You would think a movie with both Batman and Superman in it would be filled with virtuous super-heroism. Alas, the recent epic called Batman versus Superman apparently did not reach such a lofty level. The website Rotten Tomatoes in fact (which compiles movie critic reviews) gives insight, saying "There's no joy here, no wonder or spectacle, just a relentlessly grim and intense grind that can't stop reminding you how grim and intense it is."
Bummer. In the vacuum of heroics left by these not-so-super heroes, we suggest a community banker step into the breach. Specifically - help your clients who run family-owned businesses.
After all, these clients have a problem worthy of a superhero solution. According to the Kreischer Miller Family Business Survey, 62% of Baby Boom-aged business owners plan to transition their business to new owners within the next 10Ys. That means you still have time to act, but a plan is needed to protect your customers from getting poached.
Further, the survey found 51% of these business owners say they do not have a succession plan for their business. A full 65% say they also do not have a clear retirement plan for themselves. Those two issues -- clarity on succession and having enough money to retire -- were identified as the two most-important issues facing family business. That spells opportunity for community banks, so perhaps it is time to jump into a phone booth and throw on your cape and some funky boots.
Going deeper into the survey, Kreischer Miller calls the above issue a "gap between desire and readiness" and suggests it helps explain why only 33% of family businesses successfully transition to the 2nd generation. Given there are more than 6mm private businesses expected to change hands within the next 10Ys it is indeed both a super-sized problem and opportunity.
One area where community banks can help is to do what you do best. Work directly with family-owned business owners to develop the next generation of leaders. Here, the survey found 55% said transferring the business to family members is the likely transition plan so you know who the most likely next customer may be. That said,, only 37% said they have a plan in place to make the next generation better able to succeed. Enter your community bank with a training regimen designed for these future leaders around educational seminars, mentoring programs, and peer groups. Leverage what your bank does best perhaps with other customers you may have offering such services to help your customers help themselves and help your bank.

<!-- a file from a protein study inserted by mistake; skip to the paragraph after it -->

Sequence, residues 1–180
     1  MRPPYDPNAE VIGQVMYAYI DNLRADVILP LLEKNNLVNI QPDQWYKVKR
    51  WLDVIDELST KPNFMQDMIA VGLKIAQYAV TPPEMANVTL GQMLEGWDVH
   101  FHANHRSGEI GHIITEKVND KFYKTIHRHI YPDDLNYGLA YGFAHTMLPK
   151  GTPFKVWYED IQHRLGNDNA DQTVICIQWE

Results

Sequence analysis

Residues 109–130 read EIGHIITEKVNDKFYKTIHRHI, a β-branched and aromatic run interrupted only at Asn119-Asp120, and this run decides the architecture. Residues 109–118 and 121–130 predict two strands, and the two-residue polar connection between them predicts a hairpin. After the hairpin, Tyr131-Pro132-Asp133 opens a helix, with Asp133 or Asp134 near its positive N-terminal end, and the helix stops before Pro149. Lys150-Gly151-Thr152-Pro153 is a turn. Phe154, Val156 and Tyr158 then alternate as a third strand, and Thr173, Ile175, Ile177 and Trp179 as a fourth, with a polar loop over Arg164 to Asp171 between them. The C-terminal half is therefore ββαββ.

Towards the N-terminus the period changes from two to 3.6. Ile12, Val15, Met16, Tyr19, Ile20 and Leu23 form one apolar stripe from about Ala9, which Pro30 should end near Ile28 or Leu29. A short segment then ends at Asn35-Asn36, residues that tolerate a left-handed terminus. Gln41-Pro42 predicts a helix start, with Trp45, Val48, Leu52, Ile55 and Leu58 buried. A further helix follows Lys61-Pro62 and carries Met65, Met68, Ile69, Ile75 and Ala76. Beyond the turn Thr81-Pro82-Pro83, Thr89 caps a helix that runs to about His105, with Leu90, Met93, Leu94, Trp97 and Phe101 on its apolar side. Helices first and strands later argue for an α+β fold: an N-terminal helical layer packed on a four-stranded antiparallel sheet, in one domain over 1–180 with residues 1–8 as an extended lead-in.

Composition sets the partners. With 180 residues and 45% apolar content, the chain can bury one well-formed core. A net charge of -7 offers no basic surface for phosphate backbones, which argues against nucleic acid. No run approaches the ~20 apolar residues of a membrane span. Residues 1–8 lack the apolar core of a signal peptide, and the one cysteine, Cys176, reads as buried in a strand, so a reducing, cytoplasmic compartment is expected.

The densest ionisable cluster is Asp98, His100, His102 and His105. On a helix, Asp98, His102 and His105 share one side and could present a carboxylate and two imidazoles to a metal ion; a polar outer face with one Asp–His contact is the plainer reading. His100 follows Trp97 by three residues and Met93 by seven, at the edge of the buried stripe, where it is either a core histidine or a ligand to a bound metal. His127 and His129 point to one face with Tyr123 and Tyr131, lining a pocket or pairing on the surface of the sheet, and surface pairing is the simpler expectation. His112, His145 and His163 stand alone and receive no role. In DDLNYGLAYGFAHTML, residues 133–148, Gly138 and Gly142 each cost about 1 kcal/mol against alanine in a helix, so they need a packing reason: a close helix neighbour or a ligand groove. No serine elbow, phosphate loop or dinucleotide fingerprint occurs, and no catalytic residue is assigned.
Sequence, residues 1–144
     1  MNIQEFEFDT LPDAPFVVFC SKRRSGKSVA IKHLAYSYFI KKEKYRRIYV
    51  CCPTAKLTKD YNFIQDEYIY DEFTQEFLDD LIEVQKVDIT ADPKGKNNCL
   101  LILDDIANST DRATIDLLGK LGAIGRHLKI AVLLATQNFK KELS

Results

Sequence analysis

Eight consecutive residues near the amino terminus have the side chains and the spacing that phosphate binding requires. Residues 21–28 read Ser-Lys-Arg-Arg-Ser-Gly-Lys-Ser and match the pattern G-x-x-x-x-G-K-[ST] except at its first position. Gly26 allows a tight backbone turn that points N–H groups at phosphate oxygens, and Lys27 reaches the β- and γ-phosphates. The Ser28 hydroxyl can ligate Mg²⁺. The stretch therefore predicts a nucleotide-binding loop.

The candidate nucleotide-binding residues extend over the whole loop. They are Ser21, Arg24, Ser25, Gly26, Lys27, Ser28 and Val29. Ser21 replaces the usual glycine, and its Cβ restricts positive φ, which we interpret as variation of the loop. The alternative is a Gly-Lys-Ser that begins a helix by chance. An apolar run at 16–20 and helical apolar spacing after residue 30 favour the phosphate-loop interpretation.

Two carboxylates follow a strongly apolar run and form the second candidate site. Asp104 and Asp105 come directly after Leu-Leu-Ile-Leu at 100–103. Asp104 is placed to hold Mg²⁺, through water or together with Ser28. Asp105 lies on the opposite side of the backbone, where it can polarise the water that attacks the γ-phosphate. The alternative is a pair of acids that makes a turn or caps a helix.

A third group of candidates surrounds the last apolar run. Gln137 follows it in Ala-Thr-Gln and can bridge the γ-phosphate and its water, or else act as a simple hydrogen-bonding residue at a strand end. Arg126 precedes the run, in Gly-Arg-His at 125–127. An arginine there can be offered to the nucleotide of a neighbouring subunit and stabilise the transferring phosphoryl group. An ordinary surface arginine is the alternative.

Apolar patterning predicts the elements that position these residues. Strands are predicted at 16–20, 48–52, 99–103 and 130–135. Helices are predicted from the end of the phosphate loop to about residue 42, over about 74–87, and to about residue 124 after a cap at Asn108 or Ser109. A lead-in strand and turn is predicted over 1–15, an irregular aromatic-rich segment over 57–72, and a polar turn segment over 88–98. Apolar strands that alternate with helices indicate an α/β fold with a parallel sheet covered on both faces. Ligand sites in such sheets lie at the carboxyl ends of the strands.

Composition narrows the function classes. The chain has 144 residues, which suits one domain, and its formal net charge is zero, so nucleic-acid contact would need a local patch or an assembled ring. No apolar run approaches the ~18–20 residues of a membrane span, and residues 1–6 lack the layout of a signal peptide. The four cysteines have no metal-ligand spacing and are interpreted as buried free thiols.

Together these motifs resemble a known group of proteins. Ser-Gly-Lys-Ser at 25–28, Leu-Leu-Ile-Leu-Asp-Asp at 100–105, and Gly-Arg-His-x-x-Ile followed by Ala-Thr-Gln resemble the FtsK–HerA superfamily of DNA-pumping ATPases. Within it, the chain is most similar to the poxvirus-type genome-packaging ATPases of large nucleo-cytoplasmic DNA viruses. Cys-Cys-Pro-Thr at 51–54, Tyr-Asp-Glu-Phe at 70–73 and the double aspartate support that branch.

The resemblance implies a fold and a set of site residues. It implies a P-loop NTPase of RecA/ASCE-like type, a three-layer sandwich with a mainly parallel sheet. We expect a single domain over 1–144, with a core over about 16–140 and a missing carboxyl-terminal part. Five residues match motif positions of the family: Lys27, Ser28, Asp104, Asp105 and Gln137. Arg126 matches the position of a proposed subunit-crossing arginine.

Perhaps closer to home may be a plan to help business owners create a tax-efficient transfer of the business, with trust and family partnership services. While not all banks offer these, if you do it may provide a decent opportunity to capture both the current generation and the next one.
On the retirement issue highlighted above, many small business owners are just not prepared. They are busy running their businesses, so many just may not have extra time to devote here to this issue. It may take some time, but banks can work with business clients to help these customers navigate around this problem and deepen relationships along the way.
Community bankers should work to identify and target this customer base so you can capture the next generation as you avoid the Kryptonite of competitors.